Childerley Gate Service Station will be blueprint for other Highland Group sites

Tom Highland is expecting to exchange on a forecourt this week which will bring his family’s East of England chain to four, and closer to his ambition of running 10 sites within eight years, by the time he is aged 40.

Tom, who joined his father’s business at 21, says that the Esso garage in a Cambridgeshire village – he is not disclosing the location until he speaks to his staff – is undergoing a refurbishment by the existing owner, although Tom says he wants to put his own stamp on the business. He hopes to also have acquired a fifth outlet by the end of the year, which he is in discussions on.

He plans to use his latest and flagship outlet – Childerley Gate Service Station in Dry Drayton, Cambridgeshire – as a template for that forecourt and future acquisitions. Childerley Gate opened nine months ago after a £1.8 million rebuild that quadrupled the size of the shop to 4,500 sq ft and set it the path to coming a community hub, says Tom.


Tom Highland: developing the Highland Group brand

Like the Highland Group’s other two forecourts at Potton, in Bedfordshire, and Royston, in Hertfordshire, Childerley Gate is supplied by Nisa. But the latter is the first to have just the family name above the door as the business sets about establishing itself as a consumer brand in its own right.

Tom is working with a marketing company to build the Highland Group identity so that it becomes strong enough to be the standalone fascia at all sites, and also to build sub-brands for areas of the business such as food to go.

Tom – who now largely runs the family business after the semi-retirement of his father, assisted by long-time family friend and right-hand man Jack Burgin – came up with the concept for Childerley Gate which the business bought from BP 10 years ago for £700,000. It has now been valued at £10m.


The in-store butcher at Childerley Gate turns over £7,000 a week

As well as expanding the shop to include a butcher, which turns over £7,000 a week, a local florist stall with sales of £1,500, and a bakery/food to go area turning over £15,000, Tom is developing the upstairs as the group head office, with a boardroom, kitchen and toilets with a shower. There will also be three offices to rent out.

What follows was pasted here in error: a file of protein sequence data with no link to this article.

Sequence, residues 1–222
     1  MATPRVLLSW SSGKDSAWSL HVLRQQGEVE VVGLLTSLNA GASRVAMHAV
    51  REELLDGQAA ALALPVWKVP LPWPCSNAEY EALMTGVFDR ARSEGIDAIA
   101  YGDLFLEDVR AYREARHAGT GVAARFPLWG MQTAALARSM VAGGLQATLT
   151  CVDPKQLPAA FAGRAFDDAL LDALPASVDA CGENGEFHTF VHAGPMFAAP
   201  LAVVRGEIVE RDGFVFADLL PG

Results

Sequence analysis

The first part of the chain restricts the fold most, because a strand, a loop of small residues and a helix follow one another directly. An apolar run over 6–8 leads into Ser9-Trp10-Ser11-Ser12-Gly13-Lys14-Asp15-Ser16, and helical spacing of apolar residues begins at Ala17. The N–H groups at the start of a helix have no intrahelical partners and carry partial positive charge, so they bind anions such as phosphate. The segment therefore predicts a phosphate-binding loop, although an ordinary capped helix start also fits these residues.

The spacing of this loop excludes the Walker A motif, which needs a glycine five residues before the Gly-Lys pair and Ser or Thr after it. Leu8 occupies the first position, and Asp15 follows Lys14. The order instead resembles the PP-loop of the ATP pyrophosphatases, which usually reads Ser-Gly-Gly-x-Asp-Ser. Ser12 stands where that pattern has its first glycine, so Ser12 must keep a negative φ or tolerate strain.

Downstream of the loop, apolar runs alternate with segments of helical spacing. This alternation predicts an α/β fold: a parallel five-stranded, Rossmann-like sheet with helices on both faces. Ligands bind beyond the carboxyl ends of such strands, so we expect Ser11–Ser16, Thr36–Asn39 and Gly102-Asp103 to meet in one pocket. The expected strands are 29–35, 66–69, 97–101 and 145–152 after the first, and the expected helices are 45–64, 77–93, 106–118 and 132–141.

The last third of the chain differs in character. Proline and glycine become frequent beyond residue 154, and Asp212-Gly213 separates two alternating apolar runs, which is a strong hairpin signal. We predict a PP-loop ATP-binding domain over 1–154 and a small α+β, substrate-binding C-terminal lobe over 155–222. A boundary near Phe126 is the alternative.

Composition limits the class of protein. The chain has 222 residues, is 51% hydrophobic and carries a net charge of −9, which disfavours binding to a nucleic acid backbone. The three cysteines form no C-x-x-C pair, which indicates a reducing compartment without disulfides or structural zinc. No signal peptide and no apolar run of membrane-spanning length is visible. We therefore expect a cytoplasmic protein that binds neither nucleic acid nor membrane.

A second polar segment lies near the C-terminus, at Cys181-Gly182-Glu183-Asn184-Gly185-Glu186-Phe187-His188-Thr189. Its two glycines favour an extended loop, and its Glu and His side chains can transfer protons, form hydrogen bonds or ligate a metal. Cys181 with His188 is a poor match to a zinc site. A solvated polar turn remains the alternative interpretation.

The in-store florist turns over £1,500 a week at Childerley Gate

On the forecourt, which has been re-designed with new Tokheim pumps, there are two HGV lanes for ultra-fast diesel and AdBlue. Four islands with a total of 36 nozzles, including an AdBlue offering, cater for motorists.

Tom’s plans to make the business more sustainable include fitting 151 solar panels on the HGV canopy, one of the fuel pump canopies, and the shop roof, as well as a battery to store the electricity generated. He hopes that this will reduce the site’s electricity bill by 50%.

He is also planning to install a BP Pulse hub of four 400kW electric vehicle chargepoints capable of charging eight cars a time.

One of Tom’s ambitions is to create a community hub on the two acre plot for the four or five nearby villages that lack amenities. The nearest large shop is a Morrisons, three miles away in Cambourne,

He intends introducing this year a food hall with fish and chip counter, an Indian takeaway, and a café. If a planning application is successful, there will also be a barber’s shop and beauty salon, with two flats above to be rented to staff who might otherwise find Cambridgeshire accommodation out of reach.

To the rear there is a £350,000 run of three covered and one uncovered Adriateh jet washes, with six programmes, including a snow foam and non streak rinse option. It has been in place for three months and turns over just under £6,000 a week.


At the rear of Childerley Gate Service Station is a £350,000 run of three covered and one uncovered Adriateh jet washes